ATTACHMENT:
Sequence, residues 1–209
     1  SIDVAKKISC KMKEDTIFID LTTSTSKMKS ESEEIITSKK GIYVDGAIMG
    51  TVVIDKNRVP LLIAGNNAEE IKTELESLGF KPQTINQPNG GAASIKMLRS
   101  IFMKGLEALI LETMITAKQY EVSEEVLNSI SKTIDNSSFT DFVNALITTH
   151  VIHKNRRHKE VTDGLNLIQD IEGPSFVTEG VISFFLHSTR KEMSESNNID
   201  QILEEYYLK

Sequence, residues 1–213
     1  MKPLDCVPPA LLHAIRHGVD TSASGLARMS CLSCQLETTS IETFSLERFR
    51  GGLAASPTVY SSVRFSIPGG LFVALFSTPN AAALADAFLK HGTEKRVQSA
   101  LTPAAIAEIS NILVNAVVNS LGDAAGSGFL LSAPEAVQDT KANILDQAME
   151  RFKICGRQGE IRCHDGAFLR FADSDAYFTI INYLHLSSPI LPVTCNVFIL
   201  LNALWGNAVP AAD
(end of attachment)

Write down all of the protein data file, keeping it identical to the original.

Sequence, residues 1–209
     1  SIDVAKKISC KMKEDTIFID LTTSTSKMKS ESEEIITSKK GIYVDGAIMG
    51  TVVIDKNRVP LLIAGNNAEE IKTELESLGF KPQTINQPNG GAASIKMLRS
   101  IFMKGLEALI LETMITAKQY EVSEEVLNSI SKTIDNSSFT DFVNALITTH
   151  VIHKNRRHKE VTDGLNLIQD IEGPSFVTEG VISFFLHSTR KEMSESNNID
   201  QILEEYYLK

Sequence, residues 1–213
     1  MKPLDCVPPA LLHAIRHGVD TSASGLARMS CLSCQLETTS IETFSLERFR
    51  GGLAASPTVY SSVRFSIPGG LFVALFSTPN AAALADAFLK HGTEKRVQSA
   101  LTPAAIAEIS NILVNAVVNS LGDAAGSGFL LSAPEAVQDT KANILDQAME
   151  RFKICGRQGE IRCHDGAFLR FADSDAYFTI INYLHLSSPI LPVTCNVFIL
   201  LNALWGNAVP AAD